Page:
Tenure Requires Winning Shell Game
Embarking upon his first full season as field leader of the Raiders, who have just completed their minicamp, Art Shell doesn’t overlook the tentative nature of his job.
The Raiders, he acknowledges, aren’t enjoying the adulation today of, say, the dolphin, on whose behalf society is uniting.
But would consumers boycott tuna caught in nets that aren’t Raider-safe?
The club’s troubles, for the most part, have stemmed from misfires in stadium ventures, leading to resistance on the part of Los Angeles ticket buyers.
“We have hit a little slump,” Shell says. “But the problem is very correctable. We have to win football games as the Raiders used to. Once that happens, a new spirit will develop around our club and it will be like old times.”
A visitor who makes the morning line on misery inquires, “And what happens if they don’t win?”
Shell is unruffled. “What happens,” he replies, “is that I’ll be gone.”
Shell is told, “Some say it is harder to fire a black coach.”
He laughs. “Those who say that don’t know Al Davis,” he answers. “He will fire a black coach as easily as he hires one. The Raiders don’t think color. They think victory.”
Regrettably, victory the last few years has been escaping them, although in the 12-game incumbency of Shell last season, they won seven and curse themselves for letting two others get away, costing them a spot in the postseason tournament.
Overall, the work of Shell, who replaced Mike Shanahan after the fourth game, was graded satisfactory, but Art is conversant with the ground rules.
“We must get this team going again,” he says. “A lot of people still like us. They’re just waiting for us to do something.”
At the minicamp ending Thursday, the Raiders looked at draftees and other players coming into the nest, Shell seizing the opportunity to acquaint himself with this spring exercise, his first as a head coach.
“What does one accomplish at minicamp?” he is asked.
“You like to see in the flesh what your new guys look like,” he answers. “But terminology is the most important thing you deal with at minicamp. Each club talks in its own language. Most do the same things, but set them up with different words.
“A wide formation on one team, for instance, may be keyed by the word slot. The Raiders say East. A certain blocking combination elsewhere may be labeled C-block. The Raiders will trigger it with Rip and Liz. “
How this lexicon comes about is a long story, not necessarily worth recounting, but it must be assimilated by the new help at minicamp so as not to slow down the operation when full-scale practice begins in summer.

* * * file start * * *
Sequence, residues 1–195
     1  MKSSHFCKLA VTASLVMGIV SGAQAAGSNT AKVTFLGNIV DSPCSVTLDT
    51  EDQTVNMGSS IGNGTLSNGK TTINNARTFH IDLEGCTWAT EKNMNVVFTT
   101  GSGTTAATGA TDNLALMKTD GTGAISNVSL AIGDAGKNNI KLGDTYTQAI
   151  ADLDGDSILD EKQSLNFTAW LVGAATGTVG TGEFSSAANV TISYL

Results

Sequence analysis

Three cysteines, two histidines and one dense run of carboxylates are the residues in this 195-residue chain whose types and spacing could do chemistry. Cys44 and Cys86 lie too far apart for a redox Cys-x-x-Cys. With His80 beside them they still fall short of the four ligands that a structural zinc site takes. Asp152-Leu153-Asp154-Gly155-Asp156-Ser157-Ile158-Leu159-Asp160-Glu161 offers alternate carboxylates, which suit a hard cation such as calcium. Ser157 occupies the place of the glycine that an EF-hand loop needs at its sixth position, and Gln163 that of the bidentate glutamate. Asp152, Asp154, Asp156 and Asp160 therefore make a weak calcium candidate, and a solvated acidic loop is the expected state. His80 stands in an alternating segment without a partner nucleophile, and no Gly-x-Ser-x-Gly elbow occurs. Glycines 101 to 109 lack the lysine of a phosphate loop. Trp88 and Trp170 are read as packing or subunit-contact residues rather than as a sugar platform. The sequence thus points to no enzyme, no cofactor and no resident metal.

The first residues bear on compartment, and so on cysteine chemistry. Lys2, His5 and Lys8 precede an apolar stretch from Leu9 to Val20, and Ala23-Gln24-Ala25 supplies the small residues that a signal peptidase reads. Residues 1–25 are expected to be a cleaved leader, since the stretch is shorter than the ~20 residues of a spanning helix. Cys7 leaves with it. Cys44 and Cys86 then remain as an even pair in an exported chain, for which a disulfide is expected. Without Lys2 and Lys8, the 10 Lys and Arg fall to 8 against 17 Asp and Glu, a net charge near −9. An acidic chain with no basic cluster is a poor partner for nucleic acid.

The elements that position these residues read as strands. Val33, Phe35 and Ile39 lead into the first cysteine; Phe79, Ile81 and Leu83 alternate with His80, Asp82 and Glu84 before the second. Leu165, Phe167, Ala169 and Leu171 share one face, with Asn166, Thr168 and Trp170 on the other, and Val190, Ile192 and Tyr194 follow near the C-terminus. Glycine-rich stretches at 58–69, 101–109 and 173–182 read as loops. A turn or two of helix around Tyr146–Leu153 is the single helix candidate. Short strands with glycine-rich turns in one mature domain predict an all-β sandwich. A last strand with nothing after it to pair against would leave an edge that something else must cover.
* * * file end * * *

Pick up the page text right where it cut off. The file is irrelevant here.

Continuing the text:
“How did you appraise Major Harris?” Shell is asked, with reference to the West Virginia quarterback who abandoned school after his junior year to seek his treasure in pro football.
Shell is very guarded. “He does things like a typical rookie,” he answers. “But he seems to have a lot of physical ability.”
Mind-reading is the only science not yet mastered here, but a feeling exists that the Raiders may be more interested in Colonel Sanders than Major Harris.
Since Shell is new to the job, he naturally is asked how he feels about opening camp in July without the multi-entrepreneur, Bo Jackson, who, under an arrangement unique to the sport, doesn’t join the forces until October.
“I have my own way of looking at Bo,” Shell says. “I see him as more a problem to other teams than to ours. There is a misconception that guys on our side resent his showing up late. That isn’t the case. They welcome him. They know that when someone that dangerous gets the ball, he is an asset to our team.”
He ponders this a moment, then adds: “They also know what he’s worth even when he doesn’t get the ball. One drawing that much attention from the defense gives us the edge in other ways. All we have to do is execute.”
Executing, of course, involves throwing the forward pass, an art the Raiders have misplaced the last few years. The technicians this season as last are Steve Beuerlein and Jay Schroeder, either of whom will perform the work unless management is inspired to bag someone else.
“Are you looking for a third party?” Shell is asked.
“I coach,” he responds quietly. “We have someone else who looks for quarterbacks.”
OK, so you’re dying to decode the message, Rip and Liz. Rip merely stands for right and Liz for left. A new man must remember not to go Liz when he is supposed to go Rip.